JAZZ IN JAPAN
Shinjuku Pit Inn
November 17, 2015
西山 瞳Hitomi Nishiyama
織原 良次Ryoji Orihara–fretless bass
橋本 学Manabu Hashimoto–drums
Nishiyama studied classical music when she was young, as do many jazz converts, but she secretly loved heavy metal music. After a jazz gig a few years back, she confessed her youthful passion to bassist Ryoji Orihara, who admitted the same. They got together to jam and the music flowed easily.
They found that though they had both entered the jazz world, they had a lot to say about the alternate music of their youth. A bond was formed, and from it, a new trio and CD were born: “New Heritage of Real Heavy Metal.”
The trio’s CD release party was primed for fun and a dose of healthy confusion. Half the audience was dressed in concert T-shirts, leather boots and metal-studded clothes. The other half was dressed in sleek, subdued black—so, perhaps the two styles were not all that different. No matter which direction they came from, the audience was willing to bridge the gap between heavy metal and jazz.
The audience’s hardcore metal fans might have wanted to rock, and the jazz fans might have wanted to swing, but these songs found their own rhythm. The songs flowed, with heavy insistence, but far from a pounding 4/4 beat. From time to time, the trio locked into rocking grooves, but then, so does “straight” jazz.
What was most intriguing was the way Nishiyama and band found the ostinato motifs to build up energy. Heavy metal does that with amped-up guitars, but Nishiyama’s piano, together with Orihara’s nimble bass and Hashimoto’s complex drumming, did that with strong playing. Energy was never lost, but always found.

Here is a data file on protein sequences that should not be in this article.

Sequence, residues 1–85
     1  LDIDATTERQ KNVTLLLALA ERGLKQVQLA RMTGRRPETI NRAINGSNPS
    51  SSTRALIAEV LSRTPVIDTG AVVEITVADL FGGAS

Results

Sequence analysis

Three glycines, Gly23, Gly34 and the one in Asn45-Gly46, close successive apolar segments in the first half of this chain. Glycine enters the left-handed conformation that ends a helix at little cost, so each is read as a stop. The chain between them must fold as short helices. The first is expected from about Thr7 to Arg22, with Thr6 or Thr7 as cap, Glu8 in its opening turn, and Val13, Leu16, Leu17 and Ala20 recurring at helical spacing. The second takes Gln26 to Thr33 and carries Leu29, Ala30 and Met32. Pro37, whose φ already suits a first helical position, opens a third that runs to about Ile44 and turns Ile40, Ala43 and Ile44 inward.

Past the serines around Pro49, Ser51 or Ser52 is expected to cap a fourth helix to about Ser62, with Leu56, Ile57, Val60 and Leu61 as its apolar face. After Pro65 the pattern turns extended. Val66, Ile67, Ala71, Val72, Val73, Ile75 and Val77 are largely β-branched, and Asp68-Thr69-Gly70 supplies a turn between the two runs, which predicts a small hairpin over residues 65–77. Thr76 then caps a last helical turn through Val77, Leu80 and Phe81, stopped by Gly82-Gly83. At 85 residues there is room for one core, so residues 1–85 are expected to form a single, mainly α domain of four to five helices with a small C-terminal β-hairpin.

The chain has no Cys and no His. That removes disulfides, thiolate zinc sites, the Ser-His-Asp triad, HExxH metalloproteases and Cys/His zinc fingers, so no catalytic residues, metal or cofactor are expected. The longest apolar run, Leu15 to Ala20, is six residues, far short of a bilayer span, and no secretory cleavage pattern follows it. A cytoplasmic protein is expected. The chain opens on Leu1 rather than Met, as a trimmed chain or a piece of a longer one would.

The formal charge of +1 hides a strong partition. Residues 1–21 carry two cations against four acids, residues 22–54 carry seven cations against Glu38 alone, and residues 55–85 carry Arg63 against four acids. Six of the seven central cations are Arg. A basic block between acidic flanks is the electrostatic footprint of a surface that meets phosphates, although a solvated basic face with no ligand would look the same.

Did they play everyone’s favorite songs? Yes, but you’d hardly recognize them. Black Sabbath’s “Iron Man” and Deep Purple’s “Highway Star” were stripped down and delivered with the melody, chords and style all reworked and rejuvenated. Helloween’s “All Over the Nation,” a heavy metal gothic classic became a transitional text, with jazz chords and rhythms added, without losing the immediacy of heavy metal. Ultimately, it was more jazz than metal, but different from most jazz that takes on rock or pop.
Most of the jazz standards of the 20th century started out as pop songs. So, why not heavy metal? It’s one of the most popular musical forms to emerge in the late 20th century, but entirely ignored by jazz. Though the blend of jazz’s musical complexity and the direct, raw energy of metal was not always an easy one, the trio made every song intriguingly new. Most tunes were taken from their recently released CD, under the band name NHORHM, “New Heritage of Real Heavy Metal.”
The trio was a reminder that jazz still has a lot of popular songs waiting to be reworked. The trio here goes back to that aspect of jazz with verve, enthusiasm and a youthful sense of fun. Peel off heavy metal’s reverb, overdrive, and indeed the guitars altogether, and underneath, is pure music, however you create it and enjoy it.